How Members Celebrated

Wrapping up the week on World Consumer Rights Day – Friday 15 March - Members showcased their activities in our final celebratory session. Members marked the day with a huge array of activities. Here’s a snapshot just some of those incredible actions:

In Latin America and the Caribbean, ASPEC (Peru) has begun monitoring the use of AI in healthcare – ensuring consumers retain the right to in-person care. ODECU (Chile) are educating consumers through an AI expert podcast series whilst Defensoria El Salvador took to national libraries to build consumer education. In the Caribbean the National Consumer Association (St Lucia) participated in an exposition hosted by the Ministry of Commerce. 

In the Asia Pacific region Consumer Voice (India) led a compelling digital communications campaign through opinion pieces, social media and a special message from CEO, Shri Ashim Sanya. The Consumer Policy and Advocacy Bureau through the Department of Trade and Industry in the Philippines held a special Consumer Forum to raise awareness of issues like automated decision-making, developer accountability, and the need for risk-based and use-case regulation of AI. Consumer Council of Fiji reached younger consumers – running interactive competitions with students in schools on ethical AI, whilst CHOICE (Australia) made calls to the Australian government for a new AI commissioner.

In the Africa and the Middle East, Consumer Grassroots Organisation (Kenya) took to national broadcast  whilst Consumer Awareness Organisation (Nigeria) spoke on national radio. ALERT Centre (Albania) convened ministers and civil society and Consumers Lebanon joined a conference held by the Kuwaiti Consumer Association on ‘the reality of AI and challenges specific to the Arab consumer’.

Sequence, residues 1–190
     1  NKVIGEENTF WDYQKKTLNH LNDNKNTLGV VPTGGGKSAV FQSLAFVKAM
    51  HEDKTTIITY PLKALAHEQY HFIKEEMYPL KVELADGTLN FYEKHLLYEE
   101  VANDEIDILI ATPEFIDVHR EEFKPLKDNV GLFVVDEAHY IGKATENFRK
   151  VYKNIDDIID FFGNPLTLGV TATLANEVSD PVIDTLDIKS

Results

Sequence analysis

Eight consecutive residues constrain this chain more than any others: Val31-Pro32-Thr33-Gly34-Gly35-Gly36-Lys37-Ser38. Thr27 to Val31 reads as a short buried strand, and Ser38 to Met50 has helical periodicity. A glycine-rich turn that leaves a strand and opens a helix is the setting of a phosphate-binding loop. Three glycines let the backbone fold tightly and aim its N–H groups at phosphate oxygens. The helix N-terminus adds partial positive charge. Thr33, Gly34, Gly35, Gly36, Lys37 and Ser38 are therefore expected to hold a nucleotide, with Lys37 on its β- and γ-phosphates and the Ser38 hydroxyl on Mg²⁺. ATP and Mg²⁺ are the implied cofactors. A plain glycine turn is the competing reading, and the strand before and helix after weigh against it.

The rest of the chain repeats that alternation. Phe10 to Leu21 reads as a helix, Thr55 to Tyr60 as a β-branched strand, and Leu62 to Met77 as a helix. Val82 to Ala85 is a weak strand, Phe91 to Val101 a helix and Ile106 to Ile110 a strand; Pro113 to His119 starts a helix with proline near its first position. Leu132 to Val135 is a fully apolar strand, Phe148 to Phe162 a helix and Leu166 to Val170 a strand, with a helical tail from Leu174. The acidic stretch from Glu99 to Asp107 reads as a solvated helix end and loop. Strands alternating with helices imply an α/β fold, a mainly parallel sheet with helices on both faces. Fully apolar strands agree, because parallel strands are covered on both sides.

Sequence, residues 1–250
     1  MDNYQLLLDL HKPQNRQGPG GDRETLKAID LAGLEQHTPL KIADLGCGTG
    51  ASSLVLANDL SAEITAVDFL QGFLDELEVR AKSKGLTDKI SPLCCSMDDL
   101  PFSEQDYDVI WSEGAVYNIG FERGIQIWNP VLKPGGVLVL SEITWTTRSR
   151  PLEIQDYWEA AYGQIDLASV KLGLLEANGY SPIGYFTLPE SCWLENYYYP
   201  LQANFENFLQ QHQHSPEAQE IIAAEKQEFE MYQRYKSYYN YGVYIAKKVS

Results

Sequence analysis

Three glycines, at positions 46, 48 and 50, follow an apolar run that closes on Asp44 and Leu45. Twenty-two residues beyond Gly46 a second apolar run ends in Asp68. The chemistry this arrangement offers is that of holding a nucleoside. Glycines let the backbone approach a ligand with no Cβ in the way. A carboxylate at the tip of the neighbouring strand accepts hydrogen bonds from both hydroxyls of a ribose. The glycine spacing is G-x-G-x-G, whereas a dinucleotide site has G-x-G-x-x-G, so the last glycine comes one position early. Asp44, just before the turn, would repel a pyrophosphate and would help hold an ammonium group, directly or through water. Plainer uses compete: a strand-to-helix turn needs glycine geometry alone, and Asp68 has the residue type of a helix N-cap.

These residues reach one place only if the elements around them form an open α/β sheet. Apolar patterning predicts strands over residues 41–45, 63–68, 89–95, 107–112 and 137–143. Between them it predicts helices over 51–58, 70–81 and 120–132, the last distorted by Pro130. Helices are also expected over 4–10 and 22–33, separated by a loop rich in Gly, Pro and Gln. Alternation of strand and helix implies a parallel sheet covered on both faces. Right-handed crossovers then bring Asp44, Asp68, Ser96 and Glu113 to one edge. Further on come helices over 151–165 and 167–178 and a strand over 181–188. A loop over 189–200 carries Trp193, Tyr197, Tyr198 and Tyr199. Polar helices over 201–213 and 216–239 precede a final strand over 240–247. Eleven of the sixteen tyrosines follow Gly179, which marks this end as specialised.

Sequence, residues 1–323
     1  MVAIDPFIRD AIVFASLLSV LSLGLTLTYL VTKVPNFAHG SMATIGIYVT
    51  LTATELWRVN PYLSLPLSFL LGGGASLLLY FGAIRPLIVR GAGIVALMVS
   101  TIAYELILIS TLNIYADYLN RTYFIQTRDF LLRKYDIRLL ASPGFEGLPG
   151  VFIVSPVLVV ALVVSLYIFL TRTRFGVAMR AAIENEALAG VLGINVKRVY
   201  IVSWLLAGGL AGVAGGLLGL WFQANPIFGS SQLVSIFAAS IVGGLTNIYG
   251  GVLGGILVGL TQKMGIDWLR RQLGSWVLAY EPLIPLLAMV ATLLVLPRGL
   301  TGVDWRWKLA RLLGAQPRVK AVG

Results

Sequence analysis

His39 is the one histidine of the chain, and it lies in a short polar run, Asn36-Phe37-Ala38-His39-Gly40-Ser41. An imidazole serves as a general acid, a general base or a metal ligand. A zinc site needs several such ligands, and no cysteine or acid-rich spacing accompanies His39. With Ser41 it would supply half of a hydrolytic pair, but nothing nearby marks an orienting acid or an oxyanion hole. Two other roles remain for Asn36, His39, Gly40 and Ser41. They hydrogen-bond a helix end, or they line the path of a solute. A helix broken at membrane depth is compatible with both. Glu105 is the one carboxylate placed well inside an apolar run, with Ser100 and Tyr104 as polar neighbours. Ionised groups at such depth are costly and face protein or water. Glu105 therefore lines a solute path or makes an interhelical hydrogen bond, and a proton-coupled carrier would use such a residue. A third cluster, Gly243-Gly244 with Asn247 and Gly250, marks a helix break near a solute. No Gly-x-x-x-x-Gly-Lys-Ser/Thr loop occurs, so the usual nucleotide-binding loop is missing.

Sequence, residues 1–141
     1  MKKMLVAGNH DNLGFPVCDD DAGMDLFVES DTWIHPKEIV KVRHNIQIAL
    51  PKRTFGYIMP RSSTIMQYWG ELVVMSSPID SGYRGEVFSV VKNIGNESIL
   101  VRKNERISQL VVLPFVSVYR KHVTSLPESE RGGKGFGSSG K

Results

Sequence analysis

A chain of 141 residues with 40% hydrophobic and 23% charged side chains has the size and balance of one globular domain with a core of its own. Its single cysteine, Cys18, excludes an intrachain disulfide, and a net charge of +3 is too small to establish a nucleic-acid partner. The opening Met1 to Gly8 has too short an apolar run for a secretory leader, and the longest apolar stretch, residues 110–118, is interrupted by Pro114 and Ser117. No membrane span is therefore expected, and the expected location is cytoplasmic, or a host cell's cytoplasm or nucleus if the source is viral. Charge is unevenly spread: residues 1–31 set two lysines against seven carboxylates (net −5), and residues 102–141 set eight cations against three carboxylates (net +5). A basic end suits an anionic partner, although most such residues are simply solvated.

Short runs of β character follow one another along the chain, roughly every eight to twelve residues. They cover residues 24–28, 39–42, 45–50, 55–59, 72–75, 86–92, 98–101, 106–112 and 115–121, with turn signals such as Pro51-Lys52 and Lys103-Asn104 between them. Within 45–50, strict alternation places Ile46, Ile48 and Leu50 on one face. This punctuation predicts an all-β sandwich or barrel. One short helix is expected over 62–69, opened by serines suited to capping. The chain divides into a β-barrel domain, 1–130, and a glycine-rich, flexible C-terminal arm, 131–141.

In North America and Europe, Facua (Spain) carried out a consumer information campaign on the streets, Consumentenbond (Netherlands) shared advice for consumers. In Consumer Reports (USA) shared headlines from their AI Experiences Survey – this found 35% of Americans now use AI chatbots to answer their questions, instead of search engine.


Throughout the week, international organisations released special messages to mark the theme. 

Rebecca Grynspan, Secretary-General, UNCTAD shared a powerful and constructive message on the promise and challenge that AI represents. Consumer protection and competition policy has a foundational role in supporting a strong economy for people. She outlined the three pillars UNCTAD work towards which have been echoed throughout the week in a call for transparency, accountability and inclusivity to make AI beneficial for all. 

Read her speech here as well as UNCTAD's news piece in celebration of the day. 

Amandeep Gill, United Nation’s Secretary-General’s Envoy on Technology, delivered a special message on the work the UN is conducting to secure a fair digital future. He stressed that the participation of consumers is central to that future. Later this year, the UN Summit of the Future will develop a global digital compact to help UN member states build strong digital governance.

Sergio Mujica, Secretary-General, ISO - International Organization for Standardization outlined the role standards can play to help regulate AI. He stated that the challenge is now to advance with great foresight to get ahead of future harms.

More to follow

Stay tuned as we release findings from our Chatbot Experiment this April. If you are an influential thinker, shaker or leader across government, business and civil society and want to be part of our digital work, contact

Image by Alan Warburton / © BBC / Better Images of AI / Quantified Human / CC-BY 4.0